Understanding Ankle Sprain Versus Ankle Break

Do you know the difference between an ankle sprain and a broken ankle?

“Oh, my aching ankle.” That’s a common refrain, some version of which we hear frequently at Essex Union Podiatry. Ankles are the source of some of the most common bone and joint injuries. While there are a variety of causes, and subsequently a variety of treatment solutions, it is crucial to understand two important sources of ankle pain: a sprain or a break (or fracture).

How common are these injuries? More than a million people head to the emergency room every year with ankle injuries, and for 25,000 people a day, they are ankle sprains. And ankle fractures are numbered at approximately 187 annually for every 100,000 people, a number that is on the rise.

Sprains and breaks can occur in a variety of ways—from stepping awkwardly off a curb or falling, and increasingly, from all levels of fitness and sports activities.

Sprain Versus Break

These two injuries can result in similar symptoms and can be hard for people to differentiate. It is important to understand the differences.

The ankle joint is made up of bones, muscles, cartilage, ligaments and tendons. An ankle sprain occurs when the ligaments, a strong band of tissue that support and stabilize the ankle bones, are stretched or torn. This happens when the ankle is moved in awkwardly with a twist, turn or roll.

A sprained ankle is an injury that occurs when you roll, twist or turn your ankle in an awkward way. This can stretch or tear the tough bands of tissue (ligaments) that help hold your ankle bones together.

Lateral ligament sprain-This is the most common ankle sprain, one which causes a throbbing pain on the outside of the ankle. This sprain may also cause swelling and bruising. With a tear, you may also have a distinct feeling of the joint giving out.

Medial and high ankle sprains-These are less frequent that lateral ligament sprains and usually occur if the ankle rolls outward. Pain is present on the inside of the ankle. If the foot rotates out in relation to the leg, it can cause a high ankle sprain (commonly seen in football players), characterized by pain above the ankle.

Symptoms of an Ankle Sprain

  • Bruising
  • Discolored skin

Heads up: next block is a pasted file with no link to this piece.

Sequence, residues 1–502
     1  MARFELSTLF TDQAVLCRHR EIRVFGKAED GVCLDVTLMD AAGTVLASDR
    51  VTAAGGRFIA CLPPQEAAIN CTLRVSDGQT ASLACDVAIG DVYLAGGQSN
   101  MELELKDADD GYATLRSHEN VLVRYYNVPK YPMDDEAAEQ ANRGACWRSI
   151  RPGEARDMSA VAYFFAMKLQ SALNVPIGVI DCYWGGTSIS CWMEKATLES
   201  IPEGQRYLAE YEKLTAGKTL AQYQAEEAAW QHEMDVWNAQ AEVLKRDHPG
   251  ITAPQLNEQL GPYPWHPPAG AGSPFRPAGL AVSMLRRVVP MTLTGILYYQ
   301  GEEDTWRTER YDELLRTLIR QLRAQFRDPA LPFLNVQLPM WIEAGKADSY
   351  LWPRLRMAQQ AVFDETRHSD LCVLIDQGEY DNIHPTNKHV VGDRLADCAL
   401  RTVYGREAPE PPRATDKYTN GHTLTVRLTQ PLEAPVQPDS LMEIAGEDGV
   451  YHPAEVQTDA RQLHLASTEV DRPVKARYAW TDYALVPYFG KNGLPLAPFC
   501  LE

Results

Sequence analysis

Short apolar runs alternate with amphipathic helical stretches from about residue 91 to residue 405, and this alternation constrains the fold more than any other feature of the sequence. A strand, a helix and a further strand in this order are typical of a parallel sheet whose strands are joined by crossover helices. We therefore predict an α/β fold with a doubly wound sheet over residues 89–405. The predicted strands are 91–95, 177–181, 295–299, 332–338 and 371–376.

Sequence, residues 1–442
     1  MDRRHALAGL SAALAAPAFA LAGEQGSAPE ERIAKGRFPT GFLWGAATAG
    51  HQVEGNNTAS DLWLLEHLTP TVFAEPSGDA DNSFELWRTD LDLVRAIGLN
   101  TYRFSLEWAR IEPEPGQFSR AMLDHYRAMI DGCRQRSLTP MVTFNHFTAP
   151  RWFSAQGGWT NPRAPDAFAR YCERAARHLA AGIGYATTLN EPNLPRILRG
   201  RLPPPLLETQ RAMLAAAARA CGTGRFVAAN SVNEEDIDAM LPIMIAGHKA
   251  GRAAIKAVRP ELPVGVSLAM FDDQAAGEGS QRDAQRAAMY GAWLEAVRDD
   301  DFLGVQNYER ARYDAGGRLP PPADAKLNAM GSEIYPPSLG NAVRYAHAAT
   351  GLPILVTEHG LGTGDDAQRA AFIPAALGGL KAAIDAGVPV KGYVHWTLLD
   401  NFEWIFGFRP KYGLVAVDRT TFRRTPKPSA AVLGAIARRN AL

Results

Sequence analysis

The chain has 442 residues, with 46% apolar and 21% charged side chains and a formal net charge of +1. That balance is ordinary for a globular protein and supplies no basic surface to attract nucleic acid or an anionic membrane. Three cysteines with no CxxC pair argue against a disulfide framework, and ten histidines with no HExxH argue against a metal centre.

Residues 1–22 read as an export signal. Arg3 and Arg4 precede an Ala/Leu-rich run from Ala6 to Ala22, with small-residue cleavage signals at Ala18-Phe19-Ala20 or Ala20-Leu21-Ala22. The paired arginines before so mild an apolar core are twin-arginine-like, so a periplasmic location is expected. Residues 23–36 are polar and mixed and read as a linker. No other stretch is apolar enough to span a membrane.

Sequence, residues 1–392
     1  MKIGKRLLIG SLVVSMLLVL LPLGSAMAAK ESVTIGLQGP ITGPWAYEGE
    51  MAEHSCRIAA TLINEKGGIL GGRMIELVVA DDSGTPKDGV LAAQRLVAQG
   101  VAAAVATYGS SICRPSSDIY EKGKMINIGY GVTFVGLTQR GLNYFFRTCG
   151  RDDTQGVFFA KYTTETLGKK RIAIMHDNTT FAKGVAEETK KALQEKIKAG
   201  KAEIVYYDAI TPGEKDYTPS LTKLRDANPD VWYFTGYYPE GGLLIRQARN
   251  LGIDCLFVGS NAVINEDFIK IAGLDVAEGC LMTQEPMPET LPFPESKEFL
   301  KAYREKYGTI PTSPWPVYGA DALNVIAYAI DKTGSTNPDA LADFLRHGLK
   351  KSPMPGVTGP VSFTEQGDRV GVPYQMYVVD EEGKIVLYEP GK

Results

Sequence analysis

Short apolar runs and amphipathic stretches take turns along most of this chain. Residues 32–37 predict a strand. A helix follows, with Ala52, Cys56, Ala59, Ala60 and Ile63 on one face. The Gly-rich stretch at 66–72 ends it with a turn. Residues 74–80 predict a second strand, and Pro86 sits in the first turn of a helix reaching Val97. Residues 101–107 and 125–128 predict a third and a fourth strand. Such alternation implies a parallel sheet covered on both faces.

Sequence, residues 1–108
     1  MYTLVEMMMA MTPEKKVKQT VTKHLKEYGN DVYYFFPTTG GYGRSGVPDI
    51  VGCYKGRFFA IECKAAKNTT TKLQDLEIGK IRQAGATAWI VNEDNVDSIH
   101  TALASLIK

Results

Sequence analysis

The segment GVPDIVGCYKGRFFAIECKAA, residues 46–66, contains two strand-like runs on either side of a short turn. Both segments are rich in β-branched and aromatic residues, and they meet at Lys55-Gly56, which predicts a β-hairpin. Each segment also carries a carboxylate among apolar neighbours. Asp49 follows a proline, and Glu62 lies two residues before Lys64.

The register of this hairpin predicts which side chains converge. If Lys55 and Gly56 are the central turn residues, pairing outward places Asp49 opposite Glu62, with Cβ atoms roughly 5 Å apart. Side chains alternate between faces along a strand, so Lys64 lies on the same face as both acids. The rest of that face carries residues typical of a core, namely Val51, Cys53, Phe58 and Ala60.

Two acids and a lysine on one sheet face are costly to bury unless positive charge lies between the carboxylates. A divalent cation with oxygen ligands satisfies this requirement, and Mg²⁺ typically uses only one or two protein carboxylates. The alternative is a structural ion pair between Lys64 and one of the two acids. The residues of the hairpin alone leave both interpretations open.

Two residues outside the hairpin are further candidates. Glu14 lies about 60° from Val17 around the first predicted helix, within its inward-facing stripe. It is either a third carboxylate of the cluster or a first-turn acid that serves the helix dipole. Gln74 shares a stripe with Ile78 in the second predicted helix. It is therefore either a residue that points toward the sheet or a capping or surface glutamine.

• Inability to bear weight
  • Pain
  • Stiffness
  • Swelling
  • Tender to the touch

Ankle Fractures

An ankle fracture occurs when one or more of the related bones is broken. These include the lower leg bones

  • Tibia—shinbone
  • Fibula—smaller bone of the lower leg, sometimes referred to as the calf bone
  • Talus—foot bones

The injury can range from a simple, single break, to fractures of several bones at once. While you may still be able to walk on a single fracture, multiple fractures—which may also include ligament damage—may prevent you from walking, and require no weight bearing for several months to heal. People often have misconceptions about ankle fractures that can impede treatment and healing.

Symptoms of an Ankle Fracture

Depending on the severity of the break(s), you may experience:

  • Ankle deformity
  • Bruising
  • Inability to bear weight
  • Immediate, severe pain
  • Swelling
  • Tenderness to the touch


If pain is severe or prolonged (beyond five to seven days), your first step should be medical care. While a mild sprain can heal with self-treatment (see R.I.C.E. below), if symptoms persist you should seek medical care. In addition, sprains can be tricky, as weakened ligaments tend to result in vulnerability to future injury or problems, such as ankle instability.

A visit to a physician for ankle injury begins with the doctor taking a medical history and doing a physical exam of the injured area. Before ordering an imaging test, healthcare practitioners may use a set of diagnostic guidelines called the Ottawa Ankle Rules to determine if an X-ray is necessary. Tests for sprains or breaks may include:

  • X-ray
  • X-ray stress test
  • CT (computed tomography) scan
  • MRI (magnetic resonance imaging)
  • Ultrasound

Doctors will usually start with an X-ray, because these types of imaging tests are particularly useful in diagnosing (or ruling out) fractures. The calcium in bone absorbs the X-rays, making bone stand out on the image. Fractures can often be seen clearly on an X-ray. If the X-ray shows no fracture or proves inconclusive, other imaging tests may be used.

The primary remedy for ankle injury is the classic R.I.C.E. This stands for rest, ice, compression, elevation. In addition, over-the-counter anti-inflammatories can be used if they do not conflict with other medications you may be taking. In addition to R.I.C.E. and anti-inflammatories, a sprain may be treated by:

  • Keeping weight off with the use of crutches
  • Casting
  • Elastic bandages
  • Splinting

Depending on type and severity, a fracture may be treated by:

  • Immobilization—requiring a cast, brace, boot or stiff-soled shoe
  • Reduction—used to manipulate misplaced bones back into proper position
  • Surgery—in the case of a severe fracture(s) and/or ankle instability, surgery may be performed. This includes the use of instrumentation (pins, screws, plates) to properly position bones for healing. These implements may or may not be removed.

If you experience an ankle injury, request an appointment with an Essex Union Podiatry specialist. We have decades of combined experience diagnosing the type of injury (sprain or break), and we will tailor a treatment plan for you as well as provide education on preventive measures to hopefully keep these injuries from recurring.